Home → Magazine Archive → February 2019 (Vol. 62, No. 2) → Writing a Test Plan → Abstract

Writing a Test Plan

By George V. Neville-Neil

Communications of the ACM, Vol. 62 No. 2, Page 27

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Dear KV,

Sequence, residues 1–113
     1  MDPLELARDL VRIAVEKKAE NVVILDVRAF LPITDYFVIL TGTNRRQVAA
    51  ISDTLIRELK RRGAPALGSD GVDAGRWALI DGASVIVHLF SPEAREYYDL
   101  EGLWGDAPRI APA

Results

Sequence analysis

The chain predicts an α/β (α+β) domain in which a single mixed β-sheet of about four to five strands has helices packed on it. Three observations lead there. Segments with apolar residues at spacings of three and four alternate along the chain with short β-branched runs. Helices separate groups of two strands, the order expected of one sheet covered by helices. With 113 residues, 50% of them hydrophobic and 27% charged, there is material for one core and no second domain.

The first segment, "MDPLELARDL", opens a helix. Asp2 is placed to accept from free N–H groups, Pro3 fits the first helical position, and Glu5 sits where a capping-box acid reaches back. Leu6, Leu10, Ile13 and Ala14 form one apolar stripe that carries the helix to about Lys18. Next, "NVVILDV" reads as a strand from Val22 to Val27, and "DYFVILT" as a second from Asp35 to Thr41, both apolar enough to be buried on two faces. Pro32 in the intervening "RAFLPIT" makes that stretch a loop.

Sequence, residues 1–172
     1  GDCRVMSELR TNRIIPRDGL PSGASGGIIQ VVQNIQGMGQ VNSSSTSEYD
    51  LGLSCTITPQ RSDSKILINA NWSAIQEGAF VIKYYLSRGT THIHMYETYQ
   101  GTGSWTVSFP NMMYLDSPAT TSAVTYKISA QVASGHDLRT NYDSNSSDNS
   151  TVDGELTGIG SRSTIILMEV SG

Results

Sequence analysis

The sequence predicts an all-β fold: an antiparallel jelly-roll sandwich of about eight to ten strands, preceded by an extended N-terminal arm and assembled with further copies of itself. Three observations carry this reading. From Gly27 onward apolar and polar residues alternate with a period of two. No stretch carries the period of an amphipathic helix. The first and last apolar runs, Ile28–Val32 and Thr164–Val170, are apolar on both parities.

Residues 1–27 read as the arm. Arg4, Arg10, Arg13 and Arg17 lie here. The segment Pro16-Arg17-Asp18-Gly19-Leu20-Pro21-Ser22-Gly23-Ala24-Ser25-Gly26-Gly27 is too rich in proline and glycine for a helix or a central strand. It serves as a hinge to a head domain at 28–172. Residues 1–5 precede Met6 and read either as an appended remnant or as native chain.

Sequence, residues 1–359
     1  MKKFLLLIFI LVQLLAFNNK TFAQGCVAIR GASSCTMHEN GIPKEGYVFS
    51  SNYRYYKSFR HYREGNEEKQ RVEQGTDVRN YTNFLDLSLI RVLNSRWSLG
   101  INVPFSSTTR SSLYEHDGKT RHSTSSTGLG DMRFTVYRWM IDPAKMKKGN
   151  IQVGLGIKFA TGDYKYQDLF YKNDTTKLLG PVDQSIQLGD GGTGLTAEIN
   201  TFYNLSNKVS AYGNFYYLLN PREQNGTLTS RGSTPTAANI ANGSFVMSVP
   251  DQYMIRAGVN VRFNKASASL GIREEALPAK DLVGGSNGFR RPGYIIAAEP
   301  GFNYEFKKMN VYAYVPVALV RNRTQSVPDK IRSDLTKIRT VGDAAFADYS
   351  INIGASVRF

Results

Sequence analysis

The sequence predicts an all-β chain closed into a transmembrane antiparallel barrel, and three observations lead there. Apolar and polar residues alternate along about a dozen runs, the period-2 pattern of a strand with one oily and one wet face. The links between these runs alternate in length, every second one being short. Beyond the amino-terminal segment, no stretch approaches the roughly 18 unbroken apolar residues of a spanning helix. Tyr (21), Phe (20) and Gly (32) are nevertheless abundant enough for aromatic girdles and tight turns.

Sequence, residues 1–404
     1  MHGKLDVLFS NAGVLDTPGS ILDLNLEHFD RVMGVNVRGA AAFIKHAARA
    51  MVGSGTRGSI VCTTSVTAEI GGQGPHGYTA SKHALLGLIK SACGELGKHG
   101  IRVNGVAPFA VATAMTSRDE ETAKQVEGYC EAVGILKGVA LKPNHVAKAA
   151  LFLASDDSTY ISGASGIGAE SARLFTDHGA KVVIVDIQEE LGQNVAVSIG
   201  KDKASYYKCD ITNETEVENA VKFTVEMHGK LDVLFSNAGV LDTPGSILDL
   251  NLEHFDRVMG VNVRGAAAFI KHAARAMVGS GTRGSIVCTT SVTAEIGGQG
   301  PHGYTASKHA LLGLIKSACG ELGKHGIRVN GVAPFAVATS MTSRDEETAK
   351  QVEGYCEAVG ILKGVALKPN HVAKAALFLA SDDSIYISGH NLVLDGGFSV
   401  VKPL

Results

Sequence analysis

We are getting ready for a project release at work, and since we are a small startup, all the developers have been asked to test the code of one of the other developers. We did this by lottery, each of us drawing a name from a hat (we were not allowed to draw our own name). It was an odd way to select testers, but it seems no worse than the processes I have seen at larger companies. The problem for me is not that I have to write tests, but that I also have to write a test plan, one of the requirements imposed by our CEO, who is also the VP of engineering, aka my boss. I have never written an actual test plan, just collections of tests. Of course, I test my own code, but because I wrote the code, I know what I am testing, and it has always been a straightforward process. Should I just write the tests and then list them in the plan? Somehow that does not seem to be what my boss is looking for.


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